Estimating Cash Flows

In trying to decide whether to make an investment in new product development, new sales offices, or new buildings and equipment, the pivotal question for the financial manager in the analysis of the project is the amount of cash flow that will be generated. Therefore estimating or forecasting projected cash flow is a key element in the decision process.

For this job a computer spreadsheet is a necessary tool in that it permits a complete display of the year by year gross income provided by the investment, minus any yearly expenses, and the application of the modified accelerated depreciation methods permitted by the tax laws. In addition the alphanumeric spreadsheet display permits formulations and linkage which allows the user to change a number and thereby change all other numbers referring to that number . This permits the creation of "scenarios" and projections based on changes in the economy, competition, and technology and permits a much wider basis for estimating future cash flows. Before spreadsheets such "what if " techniques were prohibitively time consuming and costly.

In addition to the spreadsheet tools essential to making cash flow estimations there are a number of time tested techniques used to forecast what revenues are likely to be, and with what level of confidence and credibility. All rational forecasting techniques are based on the concept that what has been is likely to be, and represent linear projections of past results. The key is to find credible experience relevant to one's projections, including the analogous experience of others with that type of product, plan, invention etc. In other words, forecasting techniques are only as good as the models they are drawn from, and statistical validity will not save a projection that is not based on relevant experience.

In addition, the term cash flow implies the actual dollars received as opposed to "accrual dollars" produced by normal accounting projections, and necessitates a profound understanding of the concept of "non cash charges", such as depreciation, and its impact on cash flow generation. In fact, it can be truly said that there are three financially valid reasons for making a business investment: increased revenue, reduced expense, and the timely increased cash flows generated by the tax laws in the form of accelerated depreciation, which permit a reduction of tax in excess of the actual loss in value of the income producing asset. Thus estimating cash flows requires a knowledge of the Modified Accelerated Recovery System and its impact on the cash flows generated by the new investment and its impact on replaced equipment as well.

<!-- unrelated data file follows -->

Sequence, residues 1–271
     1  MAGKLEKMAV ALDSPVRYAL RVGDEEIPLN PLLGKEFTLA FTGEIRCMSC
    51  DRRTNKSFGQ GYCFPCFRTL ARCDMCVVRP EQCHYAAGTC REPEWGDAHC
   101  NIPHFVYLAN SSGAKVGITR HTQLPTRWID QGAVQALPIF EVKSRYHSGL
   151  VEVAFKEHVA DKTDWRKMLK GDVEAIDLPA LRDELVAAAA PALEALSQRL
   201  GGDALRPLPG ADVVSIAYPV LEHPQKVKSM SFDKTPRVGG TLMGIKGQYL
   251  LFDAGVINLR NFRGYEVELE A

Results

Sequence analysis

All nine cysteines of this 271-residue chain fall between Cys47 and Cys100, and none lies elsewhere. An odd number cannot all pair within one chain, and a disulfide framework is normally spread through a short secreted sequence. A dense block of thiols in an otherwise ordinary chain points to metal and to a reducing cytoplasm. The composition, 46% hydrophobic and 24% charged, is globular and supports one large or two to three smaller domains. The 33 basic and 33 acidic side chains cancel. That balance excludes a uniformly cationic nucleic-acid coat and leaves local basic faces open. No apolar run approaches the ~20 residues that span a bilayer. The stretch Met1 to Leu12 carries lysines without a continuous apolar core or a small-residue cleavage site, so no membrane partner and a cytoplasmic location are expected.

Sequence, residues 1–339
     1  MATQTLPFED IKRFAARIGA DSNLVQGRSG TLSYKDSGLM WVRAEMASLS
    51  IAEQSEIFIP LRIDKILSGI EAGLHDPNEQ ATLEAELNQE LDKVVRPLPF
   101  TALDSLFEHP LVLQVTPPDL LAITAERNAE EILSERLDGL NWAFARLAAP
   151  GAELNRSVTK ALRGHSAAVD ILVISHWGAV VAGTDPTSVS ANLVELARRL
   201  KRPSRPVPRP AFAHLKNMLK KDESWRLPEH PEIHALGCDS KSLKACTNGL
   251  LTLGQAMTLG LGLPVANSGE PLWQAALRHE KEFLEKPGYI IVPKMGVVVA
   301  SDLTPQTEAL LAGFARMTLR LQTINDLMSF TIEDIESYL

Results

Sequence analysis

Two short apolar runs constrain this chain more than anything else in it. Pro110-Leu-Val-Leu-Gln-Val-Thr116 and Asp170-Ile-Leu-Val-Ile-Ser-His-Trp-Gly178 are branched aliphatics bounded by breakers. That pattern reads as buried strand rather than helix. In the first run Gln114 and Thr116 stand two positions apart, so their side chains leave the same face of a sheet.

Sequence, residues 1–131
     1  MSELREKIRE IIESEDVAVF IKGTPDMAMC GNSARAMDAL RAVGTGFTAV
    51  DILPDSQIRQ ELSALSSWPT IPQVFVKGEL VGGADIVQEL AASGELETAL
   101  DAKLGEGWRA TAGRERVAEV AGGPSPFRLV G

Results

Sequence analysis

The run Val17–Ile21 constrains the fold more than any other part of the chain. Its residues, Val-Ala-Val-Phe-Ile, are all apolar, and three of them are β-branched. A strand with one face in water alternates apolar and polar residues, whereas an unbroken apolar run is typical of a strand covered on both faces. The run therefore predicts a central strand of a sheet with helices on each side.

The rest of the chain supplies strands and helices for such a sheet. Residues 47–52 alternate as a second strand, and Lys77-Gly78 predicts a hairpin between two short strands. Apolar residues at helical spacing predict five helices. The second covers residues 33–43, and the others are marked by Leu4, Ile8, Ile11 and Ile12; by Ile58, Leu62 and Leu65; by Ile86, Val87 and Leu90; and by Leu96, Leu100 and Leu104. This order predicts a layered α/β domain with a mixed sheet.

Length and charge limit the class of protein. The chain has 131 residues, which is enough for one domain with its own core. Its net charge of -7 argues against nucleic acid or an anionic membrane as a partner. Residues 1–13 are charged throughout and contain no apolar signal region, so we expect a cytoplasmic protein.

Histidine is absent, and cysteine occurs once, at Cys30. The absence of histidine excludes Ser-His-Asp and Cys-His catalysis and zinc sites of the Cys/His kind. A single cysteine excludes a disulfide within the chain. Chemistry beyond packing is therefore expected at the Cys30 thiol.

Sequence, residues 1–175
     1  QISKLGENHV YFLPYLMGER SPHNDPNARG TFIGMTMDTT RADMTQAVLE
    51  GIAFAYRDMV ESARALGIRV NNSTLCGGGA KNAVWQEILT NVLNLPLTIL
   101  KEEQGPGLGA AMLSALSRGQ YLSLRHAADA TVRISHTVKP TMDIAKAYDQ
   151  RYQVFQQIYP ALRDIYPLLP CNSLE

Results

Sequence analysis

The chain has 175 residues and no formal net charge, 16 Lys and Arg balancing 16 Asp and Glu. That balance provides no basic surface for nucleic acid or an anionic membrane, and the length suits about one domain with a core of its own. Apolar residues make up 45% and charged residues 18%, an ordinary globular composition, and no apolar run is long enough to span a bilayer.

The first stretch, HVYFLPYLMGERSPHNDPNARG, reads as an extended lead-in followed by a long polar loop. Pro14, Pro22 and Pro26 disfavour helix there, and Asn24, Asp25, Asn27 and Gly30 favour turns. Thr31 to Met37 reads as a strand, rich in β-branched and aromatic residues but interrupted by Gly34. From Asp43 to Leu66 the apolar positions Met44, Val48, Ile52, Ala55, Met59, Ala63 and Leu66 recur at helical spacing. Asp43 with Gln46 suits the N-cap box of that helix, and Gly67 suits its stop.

Finally, cash flow estimation is a function of the competitive environment the in which the company or industry finds itself . In technological fields, today's good idea can be tomorrow's obsolescence, and while traditional forecasting is based on the "what's past is prologue" idea, new paradigms may make credible cash flow estimations impossible. In such situations, where there is no intelligent prior experience, computer simulation techniques may be appropriate to determine the chance cash flows.

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